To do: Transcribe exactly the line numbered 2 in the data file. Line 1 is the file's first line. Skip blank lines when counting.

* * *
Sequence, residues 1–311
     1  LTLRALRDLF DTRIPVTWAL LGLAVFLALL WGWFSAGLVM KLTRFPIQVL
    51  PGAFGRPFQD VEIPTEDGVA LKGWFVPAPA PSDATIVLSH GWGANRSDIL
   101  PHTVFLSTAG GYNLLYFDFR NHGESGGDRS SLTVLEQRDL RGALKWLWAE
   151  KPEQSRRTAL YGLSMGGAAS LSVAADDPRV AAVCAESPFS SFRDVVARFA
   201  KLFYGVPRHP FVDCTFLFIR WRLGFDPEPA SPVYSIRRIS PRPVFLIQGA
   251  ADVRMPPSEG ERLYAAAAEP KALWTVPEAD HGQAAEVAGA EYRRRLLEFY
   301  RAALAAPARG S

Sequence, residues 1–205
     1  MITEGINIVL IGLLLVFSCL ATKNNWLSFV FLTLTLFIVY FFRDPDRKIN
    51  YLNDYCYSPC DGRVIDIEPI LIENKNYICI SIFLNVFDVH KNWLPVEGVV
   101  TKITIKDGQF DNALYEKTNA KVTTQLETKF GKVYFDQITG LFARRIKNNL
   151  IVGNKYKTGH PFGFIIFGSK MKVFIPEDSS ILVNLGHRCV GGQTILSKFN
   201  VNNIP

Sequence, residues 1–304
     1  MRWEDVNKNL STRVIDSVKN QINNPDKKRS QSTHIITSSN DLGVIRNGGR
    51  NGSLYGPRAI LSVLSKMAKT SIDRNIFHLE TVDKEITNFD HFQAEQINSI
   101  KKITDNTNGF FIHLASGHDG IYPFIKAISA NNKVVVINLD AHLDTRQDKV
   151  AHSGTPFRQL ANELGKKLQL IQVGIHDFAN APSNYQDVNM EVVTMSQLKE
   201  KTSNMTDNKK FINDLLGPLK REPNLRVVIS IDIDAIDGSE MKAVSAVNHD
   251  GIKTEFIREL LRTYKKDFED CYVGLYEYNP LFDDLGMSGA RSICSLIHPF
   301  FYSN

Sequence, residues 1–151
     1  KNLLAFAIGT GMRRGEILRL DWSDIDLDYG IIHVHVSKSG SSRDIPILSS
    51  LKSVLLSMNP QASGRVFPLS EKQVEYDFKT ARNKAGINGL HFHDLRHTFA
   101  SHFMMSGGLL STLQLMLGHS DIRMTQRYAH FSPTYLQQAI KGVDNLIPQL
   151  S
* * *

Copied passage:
     1  LTLRALRDLF DTRIPVTWAL LGLAVFLALL WGWFSAGLVM KLTRFPIQVL